SPC Hand Analysis Example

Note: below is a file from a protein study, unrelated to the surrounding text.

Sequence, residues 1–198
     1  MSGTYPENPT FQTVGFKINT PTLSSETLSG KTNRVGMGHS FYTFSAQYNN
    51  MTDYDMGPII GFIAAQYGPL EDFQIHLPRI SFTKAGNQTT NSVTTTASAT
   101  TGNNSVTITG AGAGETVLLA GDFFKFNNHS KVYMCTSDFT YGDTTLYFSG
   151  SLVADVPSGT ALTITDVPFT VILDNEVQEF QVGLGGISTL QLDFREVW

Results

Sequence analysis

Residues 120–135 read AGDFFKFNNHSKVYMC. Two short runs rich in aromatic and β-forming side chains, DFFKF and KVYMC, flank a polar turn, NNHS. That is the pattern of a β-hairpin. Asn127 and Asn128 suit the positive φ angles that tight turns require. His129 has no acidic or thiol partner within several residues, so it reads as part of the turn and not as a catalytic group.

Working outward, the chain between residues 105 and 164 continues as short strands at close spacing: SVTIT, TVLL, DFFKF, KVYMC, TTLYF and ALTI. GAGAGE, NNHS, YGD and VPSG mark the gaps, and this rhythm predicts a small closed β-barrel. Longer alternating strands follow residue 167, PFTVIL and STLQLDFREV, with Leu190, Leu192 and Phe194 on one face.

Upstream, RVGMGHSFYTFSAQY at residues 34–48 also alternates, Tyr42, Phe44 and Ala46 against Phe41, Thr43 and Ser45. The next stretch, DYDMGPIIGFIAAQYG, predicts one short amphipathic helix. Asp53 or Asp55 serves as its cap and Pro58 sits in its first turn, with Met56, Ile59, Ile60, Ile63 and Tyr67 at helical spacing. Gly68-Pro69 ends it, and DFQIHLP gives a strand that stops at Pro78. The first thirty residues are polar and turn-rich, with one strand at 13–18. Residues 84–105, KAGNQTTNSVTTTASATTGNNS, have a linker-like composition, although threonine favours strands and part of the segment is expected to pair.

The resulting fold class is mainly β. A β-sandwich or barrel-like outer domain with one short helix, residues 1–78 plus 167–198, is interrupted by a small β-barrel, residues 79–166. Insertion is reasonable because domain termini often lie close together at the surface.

Despite the powerful computers, there is no substitute for drawing weather maps by hand for making a forecaster take the time to thoroughly understand the ongoing weather situation. And without knowing the intricate details of what's happening now, a forecast can suffer. So SPC forecasters routinely draw -- by hand -- surface and upper air features on printed maps, many times per day. This is a piece of a surface map containing lows and warm fronts (bright red), highs and cold fronts (blue), outflow boundaries (purple dash-dot), pressure troughs and isobars (dark gray), isotherms and warm spots for temperature (dark red), isodrosotherms and moist spots for dew point (green), a dryline (dark brown), and finally, snapshots of wind flow called streamlines (tan). It may look like a jumbled mess, bad food or abstract art; but to a severe storms meteorologist, it is stuffed with useful information.
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